The War on Poverty at 50

American Icons, Featured Article, History, Hometown Heroes
on January 7, 2014

President Lyndon Johnson began America’s War on Poverty during his State of the Union address January 8, 1964. Fast forward 50 years, the poverty rate stands at 15 percent. Johnson’s administration started many programs to alleviate the burden on the poor, but future legislative setbacks and persistent logistical problems have stymied the war ever since.

The poverty rate in 1964 was 19 percent and about 34 million people were considered poor, according to the U.S. Census Bureau. Seeking to combat this and advance his larger social policy of the Great Society, Johnson launched his “unconditional war on poverty” during his first months in office.

Congress quickly passed the Economic Opportunity Act of 1964, creating the Office of Economic Opportunity. That office spearheaded efforts like the Job Corps vocational training program and the Head Start early-childhood educational program, both of which are still in existence. The Office of Economic Opportunity was rebranded in 1975 and closed in 1981.

The Social Security Act of 1965 established Medicare and Medicaid to help older Americans with their medical needs. Johnson’s reforms continued, in spirit, President Franklin D. Roosevelt’s New Deal plans of increasing jobs opportunity, providing education and alleviating the woes of the poor.

The War on Poverty had early successes. The poverty rate dipped to 11.1 percent in 1973. The rate has fluctuated between 11 and 15 percent, with 1983’s 15.2 percent being the highest.

Criticisms plagued the War on Poverty from its inception. Economists like Milton Friedman questioned the efficacy of government intervention into the economy. Martin Luther King Jr., in his 1967 book, “Where Do We Go From Here?: Chaos or Community” equated the War on Poverty with the Vietnam War and blasted Johnson’s unfocused efforts.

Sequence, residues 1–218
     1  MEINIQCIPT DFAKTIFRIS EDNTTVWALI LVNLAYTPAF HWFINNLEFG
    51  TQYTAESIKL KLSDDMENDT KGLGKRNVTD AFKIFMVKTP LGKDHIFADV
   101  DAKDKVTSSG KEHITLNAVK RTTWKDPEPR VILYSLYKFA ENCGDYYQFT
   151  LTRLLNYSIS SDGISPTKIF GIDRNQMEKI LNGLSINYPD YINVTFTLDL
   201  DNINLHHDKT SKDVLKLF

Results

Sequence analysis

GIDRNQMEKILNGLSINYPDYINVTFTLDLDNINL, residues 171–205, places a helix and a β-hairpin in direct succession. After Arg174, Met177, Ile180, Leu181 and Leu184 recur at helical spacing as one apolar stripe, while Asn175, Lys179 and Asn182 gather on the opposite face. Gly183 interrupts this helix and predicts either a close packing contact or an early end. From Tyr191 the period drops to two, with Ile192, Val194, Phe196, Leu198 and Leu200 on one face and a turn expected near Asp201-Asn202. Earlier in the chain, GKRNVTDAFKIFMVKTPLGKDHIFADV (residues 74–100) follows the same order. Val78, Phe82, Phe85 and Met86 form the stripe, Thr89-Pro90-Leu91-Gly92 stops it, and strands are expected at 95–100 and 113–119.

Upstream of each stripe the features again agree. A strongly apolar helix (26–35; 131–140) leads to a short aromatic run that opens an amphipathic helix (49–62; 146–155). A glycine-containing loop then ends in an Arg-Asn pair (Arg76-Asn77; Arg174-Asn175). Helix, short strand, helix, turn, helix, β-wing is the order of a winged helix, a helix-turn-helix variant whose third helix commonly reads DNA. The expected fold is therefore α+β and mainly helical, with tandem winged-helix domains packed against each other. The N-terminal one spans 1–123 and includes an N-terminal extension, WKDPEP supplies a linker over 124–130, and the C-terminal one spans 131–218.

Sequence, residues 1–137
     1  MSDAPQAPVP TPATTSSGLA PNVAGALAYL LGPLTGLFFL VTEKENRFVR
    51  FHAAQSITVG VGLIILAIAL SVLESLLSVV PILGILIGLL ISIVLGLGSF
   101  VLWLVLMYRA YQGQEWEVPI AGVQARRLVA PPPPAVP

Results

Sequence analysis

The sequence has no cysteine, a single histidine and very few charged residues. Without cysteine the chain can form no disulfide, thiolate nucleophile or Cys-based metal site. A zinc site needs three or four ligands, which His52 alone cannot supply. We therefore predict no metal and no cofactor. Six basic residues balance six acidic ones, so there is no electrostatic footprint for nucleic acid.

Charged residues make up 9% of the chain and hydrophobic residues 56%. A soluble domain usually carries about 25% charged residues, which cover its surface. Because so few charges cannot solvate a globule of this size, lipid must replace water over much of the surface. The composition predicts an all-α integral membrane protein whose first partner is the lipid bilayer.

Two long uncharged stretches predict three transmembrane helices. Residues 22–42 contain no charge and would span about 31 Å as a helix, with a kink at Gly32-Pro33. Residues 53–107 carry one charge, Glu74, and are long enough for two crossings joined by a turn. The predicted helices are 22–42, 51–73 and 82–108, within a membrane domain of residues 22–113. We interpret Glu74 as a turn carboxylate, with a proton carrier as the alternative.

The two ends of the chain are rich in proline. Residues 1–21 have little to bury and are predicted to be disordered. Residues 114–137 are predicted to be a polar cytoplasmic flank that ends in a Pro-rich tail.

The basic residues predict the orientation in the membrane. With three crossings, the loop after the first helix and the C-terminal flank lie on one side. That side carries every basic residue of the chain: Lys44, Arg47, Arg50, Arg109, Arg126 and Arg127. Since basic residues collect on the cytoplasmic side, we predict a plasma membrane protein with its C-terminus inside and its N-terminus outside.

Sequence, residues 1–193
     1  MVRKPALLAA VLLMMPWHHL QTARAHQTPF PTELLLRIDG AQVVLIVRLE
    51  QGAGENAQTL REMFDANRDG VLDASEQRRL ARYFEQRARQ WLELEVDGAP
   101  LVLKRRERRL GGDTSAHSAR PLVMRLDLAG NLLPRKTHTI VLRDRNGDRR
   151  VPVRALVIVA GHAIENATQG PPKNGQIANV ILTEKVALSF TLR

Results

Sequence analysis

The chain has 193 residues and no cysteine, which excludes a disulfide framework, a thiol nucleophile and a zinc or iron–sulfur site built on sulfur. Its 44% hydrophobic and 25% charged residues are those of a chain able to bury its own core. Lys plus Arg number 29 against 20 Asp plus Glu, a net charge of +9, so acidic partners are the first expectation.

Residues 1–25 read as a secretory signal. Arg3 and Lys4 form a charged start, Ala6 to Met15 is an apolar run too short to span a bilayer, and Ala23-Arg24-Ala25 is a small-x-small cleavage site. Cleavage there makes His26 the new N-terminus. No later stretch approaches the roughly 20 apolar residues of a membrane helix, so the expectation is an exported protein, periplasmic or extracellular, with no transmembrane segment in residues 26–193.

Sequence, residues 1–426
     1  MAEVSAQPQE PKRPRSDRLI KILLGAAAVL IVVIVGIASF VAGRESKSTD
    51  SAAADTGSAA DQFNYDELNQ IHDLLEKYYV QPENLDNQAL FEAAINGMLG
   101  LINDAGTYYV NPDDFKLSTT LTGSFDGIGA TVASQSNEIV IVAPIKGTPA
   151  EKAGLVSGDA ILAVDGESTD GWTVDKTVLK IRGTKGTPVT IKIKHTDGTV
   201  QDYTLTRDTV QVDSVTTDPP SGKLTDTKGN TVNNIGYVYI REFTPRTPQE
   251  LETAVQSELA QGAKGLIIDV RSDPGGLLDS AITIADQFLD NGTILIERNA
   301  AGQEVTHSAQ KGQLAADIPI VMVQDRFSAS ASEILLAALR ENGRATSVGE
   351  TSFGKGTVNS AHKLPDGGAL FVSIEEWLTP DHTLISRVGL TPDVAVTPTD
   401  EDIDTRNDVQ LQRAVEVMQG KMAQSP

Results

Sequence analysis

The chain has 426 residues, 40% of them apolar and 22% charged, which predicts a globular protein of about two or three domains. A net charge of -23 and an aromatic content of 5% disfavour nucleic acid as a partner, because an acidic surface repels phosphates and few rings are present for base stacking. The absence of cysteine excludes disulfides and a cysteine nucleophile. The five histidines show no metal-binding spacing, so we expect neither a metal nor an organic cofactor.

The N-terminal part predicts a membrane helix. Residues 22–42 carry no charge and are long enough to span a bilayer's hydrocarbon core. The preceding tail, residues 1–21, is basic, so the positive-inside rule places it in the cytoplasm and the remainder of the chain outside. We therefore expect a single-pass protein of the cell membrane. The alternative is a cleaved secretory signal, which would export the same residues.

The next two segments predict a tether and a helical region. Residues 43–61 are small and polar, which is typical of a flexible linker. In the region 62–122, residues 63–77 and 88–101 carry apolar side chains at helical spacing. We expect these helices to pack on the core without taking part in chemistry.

As interest in the War on Poverty faded and the 20th century continued, policy changes reduced Johnson’s initial gains. The 1996 Personal Responsibility and Work Opportunity Act reworked the welfare system. It ended the 1936 Aid to Families with Dependent Children program. The law was intended to lessen the poor’s dependency on the government.

The constant enemy in the War on Poverty is employment, more specifically well-paying steady employment. Many low-wage jobs do not pay enough to support a family of four, much less keep them above the poverty line. Law professor Peter Edelman writes that current welfare aid only amounts to around $6,000 per year, well below the poverty line.

Commentators question whether programs aimed at helping people out of poverty only keep them there, a concern critics have raised since the New Deal.

Currently, 15 percent of the population or 46 million people live in poverty. With ongoing programs such as the Affordable Care Act and the success of Head Start and other educational programs, President Ronald Reagan may have spoken too soon in 1988 when he said, “some years ago, the federal government declared war on poverty, and poverty won.” The War on Poverty continues.

Is the war won or lost? Share your thoughts in the comments below!